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Arch Phys Med Rehabil. 2004 Jul;85(7):1095-101.

Evaluation of postural stability in the elderly with stroke.

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  • 1Department of Family Medicine, Faculty of Medicine, University of Sherbrooke, 1036 Rue Belvédère S, Sherbrooke, Quebec J1H 4C4, Canada.



To compare clinical and biomechanical measures of balance in elderly stroke patients with those of healthy elderly people.


Two-group comparison design.


Laboratory environment.


Fifteen poststroke patients and 15 healthy age-matched older adults (N=30).


Not applicable.


The biomechanical variable COP-COM, which represents the distance between the center of pressure (COP) and the center of mass (COM) in terms of root mean square. The mean of 4 trials of the COP-COM variable for each test condition was used for statistical analysis. Furthermore, the different systems (sensory, motor, central processor) related to postural stability were evaluated.


Statistical significance of the COP-COM variable was larger in the stroke group than in healthy subjects, in both the anteroposterior (AP) and mediolateral (ML) directions. Furthermore, statistically, stroke subjects showed amplitudes of the COP-COM variable that were significantly larger in the eyes-closed condition. The significant negative correlation demonstrated between COP-COM amplitude and the balance scales (Berg, Tinetti) indicated that the patients with larger COP-COM amplitudes had lower clinical balance score. Furthermore, correlation coefficient scores between COP-COM variables in both AP and ML directions and motor performance using Fugl-Meyer Assessment (rho=-.53, rho=-.51, respectively) and reaction time (rho=-.53, rho=-.44, respectively) were significant. Vibration (rho=.41) and touch-pressure (rho=.42) perception thresholds correlated significantly only in the AP direction.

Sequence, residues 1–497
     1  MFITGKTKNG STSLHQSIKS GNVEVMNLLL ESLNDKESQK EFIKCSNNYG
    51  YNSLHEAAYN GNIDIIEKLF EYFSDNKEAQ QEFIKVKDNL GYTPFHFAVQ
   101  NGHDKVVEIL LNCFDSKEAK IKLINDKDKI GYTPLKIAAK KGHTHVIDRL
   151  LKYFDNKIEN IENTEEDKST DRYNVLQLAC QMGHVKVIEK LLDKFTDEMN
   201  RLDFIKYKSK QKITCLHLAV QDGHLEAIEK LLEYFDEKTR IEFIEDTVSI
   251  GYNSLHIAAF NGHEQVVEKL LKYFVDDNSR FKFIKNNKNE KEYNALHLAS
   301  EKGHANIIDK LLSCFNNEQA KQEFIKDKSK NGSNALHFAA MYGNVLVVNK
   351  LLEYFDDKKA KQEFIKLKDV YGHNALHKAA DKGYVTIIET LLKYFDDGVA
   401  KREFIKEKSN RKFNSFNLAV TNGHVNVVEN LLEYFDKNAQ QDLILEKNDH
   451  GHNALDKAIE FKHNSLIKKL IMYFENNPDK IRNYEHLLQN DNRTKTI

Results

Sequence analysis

Evaluating postural stability with COP-COM variable provided an accurate measure of postural stability in poststroke elderly people. Furthermore, postural stability in quiet stance, as measured by COP-COM amplitude, was related to functional measures of balance as well as physiologic factors relating to balance, such as visual conditions, lower-extremity peripheral sensibility, motor recovery, and simple reaction time.

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